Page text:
A Berkeley nursery creates resiliency through employee ownership
Project Equity was proud to assist Westbrae Nursery located in Berkeley, CA, with its transition to employee ownership in April 2022.
Like many small businesses across the country, plant nurseries and garden centers are feeling the pinch from rising operational costs and increased competition from chain stores. Westbrae Nursery is no exception. However, selling owner Jeff Eckart’s vision of a store with a deep connection to its community, a commitment to its staff and an ability to stay agile has helped Westbrae weather these challenges and set them up to flourish.
Nestled in a small neighborhood on the north edge of Berkeley, California, Westbrae opened its doors in the 1930s as an orchard and farm supply outfit. The company changed hands several times before eventually being bought by Eckart two decades ago. In that time he has expanded and modernized the business, including implementing online ordering with the onset of the pandemic.
In 2020, Eckart announced his plan to retire and floated the idea of worker ownership to his employees. The cooperative business model, he suggested, would allow Westbrae to maintain the community connection, give the staff the opportunity to own the business, and would continue the legacy he had built over the years. With the employees fully supporting the move, he reached out to Project Equity in the fall of 2020.
Reaping the benefits of employee ownership
One member of the Westbrae team, Senior Buyer Josh Hincks, is a third-generation customer of the nursery who remembers going to Westbrae as a kid growing up in Oakland. He has been with the company for two years and started during the transition to employee ownership. He credits the prospect of being a worker-owner as being “a huge plus.”
Hincks is not alone. Data shows that employee turnover is 10 to 20% less with employee-owned companies, and employee-owners are less likely to have concerns over retirement savings compared to non-owners. There is also evidence that shows that when employees become employee-owners they have a stronger incentive for continuous, good work.
Planting the seeds, watching them grow
Transitioning a business to a worker cooperative is a thoughtful and collaborative process that empowers employees to become owners and stewards of the company. It begins with engaging and educating the team about the benefits and principles of cooperative ownership, fostering a sense of shared purpose and collective decision-making.
“I love seeing new employee-owners have these ‘Aha!’ moments about how their choices can impact the bottom line and bring their business-growth ideas to life,” stated David Gray, Project Equity’s Senior Manager, Client Services.
Gray worked with the Westbrae team to develop a clear roadmap, outlining the legal and financial steps required for the transition. This included conducting a financial feasibility study, creating new internal structures and establishing governance systems that ensure democratic participation.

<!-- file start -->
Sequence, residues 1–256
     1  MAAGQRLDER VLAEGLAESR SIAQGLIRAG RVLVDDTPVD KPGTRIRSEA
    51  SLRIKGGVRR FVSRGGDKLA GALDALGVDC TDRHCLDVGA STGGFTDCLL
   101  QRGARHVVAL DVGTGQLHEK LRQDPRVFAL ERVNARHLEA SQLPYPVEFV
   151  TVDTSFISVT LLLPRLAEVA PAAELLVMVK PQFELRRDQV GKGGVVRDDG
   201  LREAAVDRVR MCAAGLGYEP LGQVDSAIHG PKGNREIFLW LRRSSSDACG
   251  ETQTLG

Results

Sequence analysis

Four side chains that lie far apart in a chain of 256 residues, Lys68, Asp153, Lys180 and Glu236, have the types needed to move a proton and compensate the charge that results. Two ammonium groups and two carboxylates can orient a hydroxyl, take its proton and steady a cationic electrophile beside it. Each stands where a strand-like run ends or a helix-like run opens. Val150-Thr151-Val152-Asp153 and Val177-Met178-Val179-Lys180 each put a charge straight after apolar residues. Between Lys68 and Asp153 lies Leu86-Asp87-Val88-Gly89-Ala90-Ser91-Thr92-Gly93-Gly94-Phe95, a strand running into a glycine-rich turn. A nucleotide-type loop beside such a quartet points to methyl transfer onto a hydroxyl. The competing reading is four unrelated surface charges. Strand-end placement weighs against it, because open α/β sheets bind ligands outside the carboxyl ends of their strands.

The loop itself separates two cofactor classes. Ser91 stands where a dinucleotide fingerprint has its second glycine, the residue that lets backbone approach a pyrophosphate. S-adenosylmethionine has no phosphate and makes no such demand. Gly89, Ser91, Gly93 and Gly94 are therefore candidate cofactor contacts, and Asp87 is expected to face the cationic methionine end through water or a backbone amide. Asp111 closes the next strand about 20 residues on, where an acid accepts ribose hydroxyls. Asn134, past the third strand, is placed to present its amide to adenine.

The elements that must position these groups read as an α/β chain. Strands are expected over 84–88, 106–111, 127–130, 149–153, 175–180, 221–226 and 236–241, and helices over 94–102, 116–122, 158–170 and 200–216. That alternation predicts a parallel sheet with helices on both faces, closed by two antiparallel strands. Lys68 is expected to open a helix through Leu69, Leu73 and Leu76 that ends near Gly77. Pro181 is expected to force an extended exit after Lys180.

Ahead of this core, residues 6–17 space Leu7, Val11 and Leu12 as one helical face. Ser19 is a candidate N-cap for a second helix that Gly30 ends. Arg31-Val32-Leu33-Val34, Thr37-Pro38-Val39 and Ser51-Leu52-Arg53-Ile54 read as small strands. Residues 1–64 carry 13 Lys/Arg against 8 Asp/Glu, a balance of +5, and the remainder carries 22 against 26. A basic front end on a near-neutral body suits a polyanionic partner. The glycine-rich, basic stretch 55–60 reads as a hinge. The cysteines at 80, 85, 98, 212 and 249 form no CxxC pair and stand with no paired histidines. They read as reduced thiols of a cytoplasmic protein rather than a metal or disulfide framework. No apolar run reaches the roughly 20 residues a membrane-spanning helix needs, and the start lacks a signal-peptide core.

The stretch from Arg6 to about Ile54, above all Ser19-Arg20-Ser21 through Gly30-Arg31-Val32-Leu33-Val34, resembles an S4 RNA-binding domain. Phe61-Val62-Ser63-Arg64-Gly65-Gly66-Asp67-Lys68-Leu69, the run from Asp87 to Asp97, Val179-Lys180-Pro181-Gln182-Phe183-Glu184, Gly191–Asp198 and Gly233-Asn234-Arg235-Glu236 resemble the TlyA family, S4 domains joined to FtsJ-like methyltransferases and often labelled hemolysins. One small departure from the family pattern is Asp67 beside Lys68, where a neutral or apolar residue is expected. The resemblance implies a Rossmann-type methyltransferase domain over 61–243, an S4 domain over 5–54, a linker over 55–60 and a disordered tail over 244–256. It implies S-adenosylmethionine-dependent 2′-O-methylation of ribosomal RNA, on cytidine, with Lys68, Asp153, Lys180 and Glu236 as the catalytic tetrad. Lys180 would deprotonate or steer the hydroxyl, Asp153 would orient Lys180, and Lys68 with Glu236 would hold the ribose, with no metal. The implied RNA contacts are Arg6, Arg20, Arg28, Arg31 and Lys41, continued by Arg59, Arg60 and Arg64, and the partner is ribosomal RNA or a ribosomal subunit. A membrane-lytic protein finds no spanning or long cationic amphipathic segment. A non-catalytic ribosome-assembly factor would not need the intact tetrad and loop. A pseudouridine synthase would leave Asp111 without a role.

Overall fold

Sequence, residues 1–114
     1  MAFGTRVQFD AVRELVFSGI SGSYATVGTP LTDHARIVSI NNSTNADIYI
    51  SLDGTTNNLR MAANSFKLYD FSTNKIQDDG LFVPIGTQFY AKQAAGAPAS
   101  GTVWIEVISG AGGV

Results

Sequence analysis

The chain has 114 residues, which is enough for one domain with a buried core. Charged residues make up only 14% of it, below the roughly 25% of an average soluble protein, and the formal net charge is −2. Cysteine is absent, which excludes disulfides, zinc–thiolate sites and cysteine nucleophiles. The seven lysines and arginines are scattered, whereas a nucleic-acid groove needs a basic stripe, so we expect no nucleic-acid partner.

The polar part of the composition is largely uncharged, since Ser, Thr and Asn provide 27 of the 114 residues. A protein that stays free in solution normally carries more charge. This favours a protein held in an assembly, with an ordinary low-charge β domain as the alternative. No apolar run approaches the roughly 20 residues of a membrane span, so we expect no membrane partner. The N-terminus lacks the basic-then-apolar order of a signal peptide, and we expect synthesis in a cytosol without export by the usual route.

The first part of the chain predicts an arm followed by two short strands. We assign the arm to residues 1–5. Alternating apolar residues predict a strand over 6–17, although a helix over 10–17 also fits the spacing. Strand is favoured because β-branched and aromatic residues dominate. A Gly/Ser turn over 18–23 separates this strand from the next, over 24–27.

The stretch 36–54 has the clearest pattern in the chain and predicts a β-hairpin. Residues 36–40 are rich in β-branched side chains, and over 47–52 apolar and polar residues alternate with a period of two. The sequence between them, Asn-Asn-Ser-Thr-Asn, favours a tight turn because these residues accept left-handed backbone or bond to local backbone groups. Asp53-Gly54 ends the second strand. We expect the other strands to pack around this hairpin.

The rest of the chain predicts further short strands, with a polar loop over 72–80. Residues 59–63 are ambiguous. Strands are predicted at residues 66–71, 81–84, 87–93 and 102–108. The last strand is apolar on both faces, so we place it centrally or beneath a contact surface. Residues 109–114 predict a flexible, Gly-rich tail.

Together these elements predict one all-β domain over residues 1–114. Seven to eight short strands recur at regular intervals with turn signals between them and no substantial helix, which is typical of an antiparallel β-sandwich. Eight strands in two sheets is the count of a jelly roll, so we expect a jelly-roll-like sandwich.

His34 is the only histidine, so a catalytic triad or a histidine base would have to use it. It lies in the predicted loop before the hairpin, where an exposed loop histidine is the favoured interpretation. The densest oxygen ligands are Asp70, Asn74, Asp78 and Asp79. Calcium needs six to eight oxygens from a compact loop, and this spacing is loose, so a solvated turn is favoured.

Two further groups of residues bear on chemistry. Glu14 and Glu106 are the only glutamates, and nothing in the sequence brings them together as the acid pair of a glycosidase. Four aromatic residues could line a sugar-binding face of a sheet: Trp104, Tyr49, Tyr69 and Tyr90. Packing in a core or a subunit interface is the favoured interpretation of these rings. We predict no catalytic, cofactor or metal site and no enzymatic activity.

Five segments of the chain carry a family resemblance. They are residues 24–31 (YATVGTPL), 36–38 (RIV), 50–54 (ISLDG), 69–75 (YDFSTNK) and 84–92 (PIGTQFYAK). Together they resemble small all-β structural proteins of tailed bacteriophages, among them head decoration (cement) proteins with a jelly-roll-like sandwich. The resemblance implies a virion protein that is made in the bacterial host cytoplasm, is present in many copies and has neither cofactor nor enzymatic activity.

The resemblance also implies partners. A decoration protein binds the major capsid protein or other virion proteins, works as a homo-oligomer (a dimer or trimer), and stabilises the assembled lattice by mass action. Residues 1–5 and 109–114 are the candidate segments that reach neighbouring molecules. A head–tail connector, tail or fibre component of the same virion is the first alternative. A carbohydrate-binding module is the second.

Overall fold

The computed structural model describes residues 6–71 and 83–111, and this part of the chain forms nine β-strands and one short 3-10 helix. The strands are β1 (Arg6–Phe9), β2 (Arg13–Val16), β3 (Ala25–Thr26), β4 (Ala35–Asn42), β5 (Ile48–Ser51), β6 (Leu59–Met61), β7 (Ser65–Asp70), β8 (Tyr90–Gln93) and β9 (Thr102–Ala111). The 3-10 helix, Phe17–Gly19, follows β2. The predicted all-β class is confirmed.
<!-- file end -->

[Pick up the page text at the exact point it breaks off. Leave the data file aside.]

Throughout the process, comprehensive training and support were provided to enhance the employees’ business management skills and cooperative understanding. Ultimately, the successful transition to a worker cooperative not only secures the business’s future but also fosters a sense of ownership, pride and shared prosperity among the employees, creating a sustainable and inclusive enterprise.
“Project Equity is great. They know how to steer you in the right direction without overwhelming you,” added Josh Hincks, Westbrae’s Senior Buyer.
Creating the conditions to thrive
The new owners of Westbrae will continue to work with Project Equity through its Thrive program. They will continue to expand their knowledge and understanding of key performance indicators, working with a board of directors and management evaluation. This additional work will enable them to bring their own vision of where Westbrae Nursery will go in the future, while maintaining its legacy of nearly a century.
Justin Georganas, Westbrae’s Senior Horticulturist, summed it up, “For those who had been with the business for a while, the idea of employee ownership was a pretty easy decision. We all believe in this place, and we want to be here for a long time.”
Berkeley and the Bay Area have undeniably been fertile ground for the growth of employee ownership models, with numerous successful examples like Westbrae. However, it is important to recognize that employee ownership is not exclusive to this region. It is a proven and effective strategy for selling one’s business, rewarding dedicated employees and preserving the owner’s legacy regardless of location. Whether in urban or rural areas, employee ownership offers a sustainable and empowering solution that aligns the interests of owners, employees and the broader community.